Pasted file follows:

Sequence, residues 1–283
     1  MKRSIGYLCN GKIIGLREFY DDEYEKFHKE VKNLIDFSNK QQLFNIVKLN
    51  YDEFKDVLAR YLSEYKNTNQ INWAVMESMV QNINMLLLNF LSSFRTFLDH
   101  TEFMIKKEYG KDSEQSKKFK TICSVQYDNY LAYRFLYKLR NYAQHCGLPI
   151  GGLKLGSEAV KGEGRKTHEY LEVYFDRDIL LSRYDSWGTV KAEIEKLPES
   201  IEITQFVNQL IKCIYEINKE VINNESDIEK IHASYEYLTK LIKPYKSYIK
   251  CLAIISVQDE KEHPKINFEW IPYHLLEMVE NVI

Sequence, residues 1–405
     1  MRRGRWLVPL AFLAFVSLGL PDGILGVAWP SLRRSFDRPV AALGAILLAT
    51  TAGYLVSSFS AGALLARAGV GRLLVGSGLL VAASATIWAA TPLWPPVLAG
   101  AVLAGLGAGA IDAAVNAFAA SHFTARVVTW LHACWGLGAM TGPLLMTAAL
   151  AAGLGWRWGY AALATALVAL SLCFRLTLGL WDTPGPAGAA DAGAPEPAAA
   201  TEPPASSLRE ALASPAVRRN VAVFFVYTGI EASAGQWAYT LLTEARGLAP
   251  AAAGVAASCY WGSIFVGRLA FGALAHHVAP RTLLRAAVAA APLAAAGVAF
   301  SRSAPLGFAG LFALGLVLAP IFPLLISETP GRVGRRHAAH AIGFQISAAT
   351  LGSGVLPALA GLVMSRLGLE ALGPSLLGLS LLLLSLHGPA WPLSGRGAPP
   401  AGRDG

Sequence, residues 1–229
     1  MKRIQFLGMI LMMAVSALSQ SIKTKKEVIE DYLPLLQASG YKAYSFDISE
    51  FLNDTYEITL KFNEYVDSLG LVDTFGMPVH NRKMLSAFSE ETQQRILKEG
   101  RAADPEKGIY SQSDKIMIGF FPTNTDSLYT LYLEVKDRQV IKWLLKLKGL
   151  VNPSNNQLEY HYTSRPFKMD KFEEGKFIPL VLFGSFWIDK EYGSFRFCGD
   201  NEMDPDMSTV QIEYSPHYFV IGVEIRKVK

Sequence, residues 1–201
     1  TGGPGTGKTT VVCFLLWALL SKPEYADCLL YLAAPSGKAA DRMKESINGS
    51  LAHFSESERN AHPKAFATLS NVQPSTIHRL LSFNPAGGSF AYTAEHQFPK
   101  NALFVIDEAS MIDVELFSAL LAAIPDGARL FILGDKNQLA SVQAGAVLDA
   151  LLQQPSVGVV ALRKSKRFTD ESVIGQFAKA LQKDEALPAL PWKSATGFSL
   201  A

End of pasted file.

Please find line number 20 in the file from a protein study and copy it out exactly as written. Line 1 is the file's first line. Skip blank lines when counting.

    51  FLNDTYEITL KFNEYVDSLG LVDTFGMPVH NRKMLSAFSE ETQQRILKEG